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package name change (moviemate -> mediamate)

What is the preferred method of effecting a package rename and upgrade
between versions?

Movie Mate v0.9.2 is currently in the Debian archive.  Due to upstream
changes (added tracking for other media types), the name has been
changed to Media Mate.

Thus, Media Mate is the upgrade to Movie Mate.  This leaves me with the
question of how to properly change the package name and upgrade
installations of the older package.

In building the new Media Mate package, I've declared a Conflicts with
the moviemate package to effect moviemate's uninstall when the mediamate
package is installed.  However, this leaves the question of migrating
the moviemate's configuration to mediamate.  For this, I pull the
debconf answers for moviemate's questions and set them as the answers to
mediamate's questions (which are mostly the same), and set the _seen_
flag to true so the questions will not be asked (much like an upgrade
where the package name has not changed).

Since the package name has changed, the configuration and data files are
now stored in different locations.  So, I plan on moving the data files
to their new location.  But, what about the old configuration files, and
the old package's state in dpkg?  Should these be removed since the new
package is installed (more or less an upgrade) or should these be left
because the old package hasn't been purged and the new one has a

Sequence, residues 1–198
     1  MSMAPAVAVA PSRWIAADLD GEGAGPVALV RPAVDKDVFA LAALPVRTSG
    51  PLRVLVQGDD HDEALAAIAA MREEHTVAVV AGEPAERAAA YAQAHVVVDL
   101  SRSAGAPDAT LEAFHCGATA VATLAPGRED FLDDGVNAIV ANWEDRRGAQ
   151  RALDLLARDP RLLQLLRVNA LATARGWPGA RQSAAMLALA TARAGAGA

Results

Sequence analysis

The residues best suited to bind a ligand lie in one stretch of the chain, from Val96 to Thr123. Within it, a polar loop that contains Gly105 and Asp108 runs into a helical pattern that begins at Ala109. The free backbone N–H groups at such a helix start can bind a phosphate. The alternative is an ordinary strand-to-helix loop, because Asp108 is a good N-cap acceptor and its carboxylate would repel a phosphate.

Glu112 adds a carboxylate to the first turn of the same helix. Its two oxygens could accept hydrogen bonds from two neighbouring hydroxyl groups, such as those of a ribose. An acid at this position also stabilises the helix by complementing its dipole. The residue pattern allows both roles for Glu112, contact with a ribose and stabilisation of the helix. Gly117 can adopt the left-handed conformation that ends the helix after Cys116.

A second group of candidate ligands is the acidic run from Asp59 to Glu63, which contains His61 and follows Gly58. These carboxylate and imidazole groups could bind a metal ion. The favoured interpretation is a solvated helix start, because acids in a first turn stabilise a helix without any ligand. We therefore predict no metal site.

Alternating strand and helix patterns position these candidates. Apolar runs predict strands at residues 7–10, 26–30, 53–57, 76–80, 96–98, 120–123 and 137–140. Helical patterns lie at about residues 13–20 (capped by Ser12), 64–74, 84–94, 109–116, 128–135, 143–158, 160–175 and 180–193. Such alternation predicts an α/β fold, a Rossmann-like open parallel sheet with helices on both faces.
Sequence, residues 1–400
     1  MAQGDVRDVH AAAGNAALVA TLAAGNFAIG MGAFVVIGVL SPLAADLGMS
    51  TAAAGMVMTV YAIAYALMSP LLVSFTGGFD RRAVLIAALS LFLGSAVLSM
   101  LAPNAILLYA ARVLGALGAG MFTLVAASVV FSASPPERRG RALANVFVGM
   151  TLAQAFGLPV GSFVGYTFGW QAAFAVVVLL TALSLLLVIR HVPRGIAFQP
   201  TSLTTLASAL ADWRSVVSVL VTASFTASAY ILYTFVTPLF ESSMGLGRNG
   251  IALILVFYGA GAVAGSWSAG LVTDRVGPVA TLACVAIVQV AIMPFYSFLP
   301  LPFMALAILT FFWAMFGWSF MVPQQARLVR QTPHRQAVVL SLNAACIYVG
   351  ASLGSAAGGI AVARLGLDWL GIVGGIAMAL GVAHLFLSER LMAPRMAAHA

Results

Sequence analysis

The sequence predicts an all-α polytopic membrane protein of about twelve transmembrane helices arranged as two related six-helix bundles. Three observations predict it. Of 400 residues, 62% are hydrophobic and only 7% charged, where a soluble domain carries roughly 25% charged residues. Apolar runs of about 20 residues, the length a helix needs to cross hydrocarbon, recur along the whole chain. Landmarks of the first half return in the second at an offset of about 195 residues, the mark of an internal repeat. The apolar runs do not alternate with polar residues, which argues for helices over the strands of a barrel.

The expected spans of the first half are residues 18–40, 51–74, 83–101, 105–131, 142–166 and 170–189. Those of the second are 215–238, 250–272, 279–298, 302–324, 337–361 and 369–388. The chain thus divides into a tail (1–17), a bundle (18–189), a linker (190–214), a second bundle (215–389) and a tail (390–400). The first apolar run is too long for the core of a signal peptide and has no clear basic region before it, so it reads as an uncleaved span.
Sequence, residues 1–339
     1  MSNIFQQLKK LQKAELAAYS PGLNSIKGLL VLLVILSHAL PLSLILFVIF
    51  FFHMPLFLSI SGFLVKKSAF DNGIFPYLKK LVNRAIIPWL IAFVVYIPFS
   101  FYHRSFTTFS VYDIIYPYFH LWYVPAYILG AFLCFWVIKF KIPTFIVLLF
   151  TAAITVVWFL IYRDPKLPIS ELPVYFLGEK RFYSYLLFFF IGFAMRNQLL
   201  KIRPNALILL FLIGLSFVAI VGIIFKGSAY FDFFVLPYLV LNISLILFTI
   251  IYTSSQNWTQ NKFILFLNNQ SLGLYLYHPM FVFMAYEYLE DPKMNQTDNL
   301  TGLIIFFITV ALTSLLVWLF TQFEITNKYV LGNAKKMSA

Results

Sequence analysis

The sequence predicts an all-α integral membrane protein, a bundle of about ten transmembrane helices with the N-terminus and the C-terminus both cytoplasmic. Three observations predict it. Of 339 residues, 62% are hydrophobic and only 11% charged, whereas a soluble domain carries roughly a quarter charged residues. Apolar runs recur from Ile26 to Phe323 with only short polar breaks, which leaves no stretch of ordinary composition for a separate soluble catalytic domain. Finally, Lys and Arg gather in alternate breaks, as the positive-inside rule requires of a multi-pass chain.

different name?  Also, moviemate has asks a question during install
about removing the DB on purge, with the answer stored in debconf's db.
During the upgrade would it be acceptable to clear this answer under
moviemate once it's been migrated to mediamate since the old DB is
upgraded and used by mediamate and a purge of moviemate would then
remove a database that's still in use?  Or, should mediamate copy the
old database and and leave it for moviemate to potentially purge?

Personally, I'm leaning toward having the new package manually remove
all the old packages configuration files and unsetting the DB purge
flag.  But, I can see how this may be seen as a bad thing.  Thus, I
figured I'd ask here for comments and suggestions on how to handle this
type of situation.

Jamin W. Collins

This is the typical unix way of doing things: you string together lots
of very specific tools to accomplish larger tasks. -- Vineet Kumar

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